Discipline is almost invariably associated nowadays with the idea punishment, but this "discipline" is administered by someone else, while in its true sense discipline means the things we do in order to be able to learn. It is a process of self-determined control -- but is, then, control an end in itself, or only a preface to achievement?

H.P.B. called it a "mistaken idea" that an adept is a man who goes through a course of training, consisting of minute attention to a set of arbitrary rules, acquiring first one power and then another. "Adepts," she says, "are generally classed by the number of 'principles' they have under their perfect control." In our terms, this means that progress does not consist in the possessions or experiences we accumulate, but in the values we abstract from them. The fact that nothing worthwhile is achieved without difficulty may expand itself to a perception that the surmounting of difficulties is itself the essence of all achievement.

It is clear, then, that a discipline which is only a "set of arbitrary rules," and a self-control which is maintained simply to acquire a certain "power" are equally inadequate. Self-discipline can be motivated by pride and self-righteousness. At the same time, if we practice self-control in order to attain a personal end, the benefits of that self-control are largely lost when the end is attained, and then we must start off once more. Mr. Crosbie indicated that control of specific things should follow after the attitude and resolution of General Control -- real self-discipline -- was taken.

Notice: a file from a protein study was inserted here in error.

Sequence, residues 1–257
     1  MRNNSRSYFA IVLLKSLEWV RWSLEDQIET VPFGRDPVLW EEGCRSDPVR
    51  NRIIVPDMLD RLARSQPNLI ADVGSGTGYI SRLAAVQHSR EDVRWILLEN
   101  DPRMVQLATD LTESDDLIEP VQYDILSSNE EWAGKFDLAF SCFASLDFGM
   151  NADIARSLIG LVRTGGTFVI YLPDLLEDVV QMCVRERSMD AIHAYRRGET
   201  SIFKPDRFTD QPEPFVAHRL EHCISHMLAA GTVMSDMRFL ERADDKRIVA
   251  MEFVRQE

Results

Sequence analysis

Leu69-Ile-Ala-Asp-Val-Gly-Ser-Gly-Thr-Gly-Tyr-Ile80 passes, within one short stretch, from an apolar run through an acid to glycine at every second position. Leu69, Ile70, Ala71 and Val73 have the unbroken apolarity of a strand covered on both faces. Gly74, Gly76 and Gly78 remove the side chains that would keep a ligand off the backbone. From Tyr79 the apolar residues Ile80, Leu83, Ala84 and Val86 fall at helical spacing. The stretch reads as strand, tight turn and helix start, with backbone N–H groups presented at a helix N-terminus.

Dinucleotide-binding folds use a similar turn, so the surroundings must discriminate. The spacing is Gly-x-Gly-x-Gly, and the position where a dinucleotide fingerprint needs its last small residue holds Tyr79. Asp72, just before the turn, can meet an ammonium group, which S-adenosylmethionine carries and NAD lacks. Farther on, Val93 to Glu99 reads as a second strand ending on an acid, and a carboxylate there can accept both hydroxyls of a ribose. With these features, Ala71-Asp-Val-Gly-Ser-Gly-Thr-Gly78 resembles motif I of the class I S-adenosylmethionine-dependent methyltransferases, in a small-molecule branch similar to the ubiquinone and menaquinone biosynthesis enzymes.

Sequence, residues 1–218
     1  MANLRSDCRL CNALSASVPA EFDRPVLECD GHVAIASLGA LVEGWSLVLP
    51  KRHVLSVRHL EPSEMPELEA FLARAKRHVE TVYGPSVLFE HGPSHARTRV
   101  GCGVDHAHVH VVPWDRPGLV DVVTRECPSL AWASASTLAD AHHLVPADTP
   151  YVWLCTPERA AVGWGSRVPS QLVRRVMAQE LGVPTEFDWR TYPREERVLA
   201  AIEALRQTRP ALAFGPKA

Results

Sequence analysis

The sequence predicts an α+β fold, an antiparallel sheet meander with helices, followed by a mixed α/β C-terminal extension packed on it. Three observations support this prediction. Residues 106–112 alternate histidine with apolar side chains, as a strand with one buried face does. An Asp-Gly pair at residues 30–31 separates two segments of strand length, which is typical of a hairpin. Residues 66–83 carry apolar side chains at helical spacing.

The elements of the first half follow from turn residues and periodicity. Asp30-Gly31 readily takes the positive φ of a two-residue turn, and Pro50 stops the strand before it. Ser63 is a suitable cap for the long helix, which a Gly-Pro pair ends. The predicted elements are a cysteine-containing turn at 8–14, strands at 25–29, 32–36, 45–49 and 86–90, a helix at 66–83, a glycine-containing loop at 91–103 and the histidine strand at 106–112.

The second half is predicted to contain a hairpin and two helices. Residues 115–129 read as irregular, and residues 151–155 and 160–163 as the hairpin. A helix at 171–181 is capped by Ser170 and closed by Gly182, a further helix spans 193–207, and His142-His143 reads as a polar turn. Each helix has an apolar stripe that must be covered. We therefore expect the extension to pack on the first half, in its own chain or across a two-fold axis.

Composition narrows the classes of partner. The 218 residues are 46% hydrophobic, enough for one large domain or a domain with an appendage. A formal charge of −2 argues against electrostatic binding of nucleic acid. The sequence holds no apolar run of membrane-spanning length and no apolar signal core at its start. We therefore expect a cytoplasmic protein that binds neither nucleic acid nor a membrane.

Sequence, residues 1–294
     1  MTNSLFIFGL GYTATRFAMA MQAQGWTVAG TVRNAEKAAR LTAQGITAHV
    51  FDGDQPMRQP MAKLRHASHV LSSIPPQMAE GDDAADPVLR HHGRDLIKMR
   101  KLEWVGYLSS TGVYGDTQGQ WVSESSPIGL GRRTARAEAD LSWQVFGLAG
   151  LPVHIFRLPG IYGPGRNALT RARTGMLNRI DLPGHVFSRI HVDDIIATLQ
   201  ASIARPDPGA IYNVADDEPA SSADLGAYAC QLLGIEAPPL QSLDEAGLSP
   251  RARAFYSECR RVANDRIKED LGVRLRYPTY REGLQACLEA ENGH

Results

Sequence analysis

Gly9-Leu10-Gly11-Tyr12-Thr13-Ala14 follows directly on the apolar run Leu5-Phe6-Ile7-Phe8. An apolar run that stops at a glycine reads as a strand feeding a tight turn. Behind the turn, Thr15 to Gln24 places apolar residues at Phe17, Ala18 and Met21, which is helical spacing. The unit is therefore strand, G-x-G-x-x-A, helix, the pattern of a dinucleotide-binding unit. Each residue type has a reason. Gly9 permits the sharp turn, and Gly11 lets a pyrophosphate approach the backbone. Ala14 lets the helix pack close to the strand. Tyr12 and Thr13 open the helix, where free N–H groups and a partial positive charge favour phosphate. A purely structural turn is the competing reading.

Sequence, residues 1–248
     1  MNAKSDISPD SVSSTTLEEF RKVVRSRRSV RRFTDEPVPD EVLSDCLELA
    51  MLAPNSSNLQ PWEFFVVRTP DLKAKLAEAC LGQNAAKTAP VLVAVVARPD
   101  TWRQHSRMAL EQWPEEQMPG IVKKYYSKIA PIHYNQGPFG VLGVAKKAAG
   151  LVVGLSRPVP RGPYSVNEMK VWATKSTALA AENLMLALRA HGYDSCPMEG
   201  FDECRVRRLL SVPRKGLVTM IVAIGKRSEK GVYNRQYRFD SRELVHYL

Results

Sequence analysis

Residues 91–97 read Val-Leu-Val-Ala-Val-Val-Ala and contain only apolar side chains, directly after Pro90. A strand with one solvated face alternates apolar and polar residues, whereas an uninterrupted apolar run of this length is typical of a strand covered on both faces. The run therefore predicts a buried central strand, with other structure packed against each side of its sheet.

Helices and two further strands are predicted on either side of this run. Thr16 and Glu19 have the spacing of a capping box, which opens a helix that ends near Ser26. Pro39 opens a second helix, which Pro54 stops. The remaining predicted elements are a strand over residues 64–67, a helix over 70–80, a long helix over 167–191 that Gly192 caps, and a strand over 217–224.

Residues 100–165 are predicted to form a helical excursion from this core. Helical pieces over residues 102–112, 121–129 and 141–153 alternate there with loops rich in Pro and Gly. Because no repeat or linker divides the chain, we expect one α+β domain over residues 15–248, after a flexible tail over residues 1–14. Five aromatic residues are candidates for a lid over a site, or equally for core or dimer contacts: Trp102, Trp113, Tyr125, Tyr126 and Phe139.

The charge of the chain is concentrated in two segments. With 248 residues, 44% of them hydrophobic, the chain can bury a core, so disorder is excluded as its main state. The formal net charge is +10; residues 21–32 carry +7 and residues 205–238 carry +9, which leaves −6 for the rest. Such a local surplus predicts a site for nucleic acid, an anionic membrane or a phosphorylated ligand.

To set ourselves to conquer only specifics is, actually, an unsatisfying procedure, because in the nature of things we are constantly outgrowing all relative goals. The achievement we can never pass beyond is an always expanding knowledge and power, and both of these are functions of control. Krishna demands one-pointedness. This he calls the "Divine Discipline," which is "wisdom itself, the object of wisdom, and that which is to be obtained by wisdom."

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(July 1948)
[Article number (10) in this Q&A Department]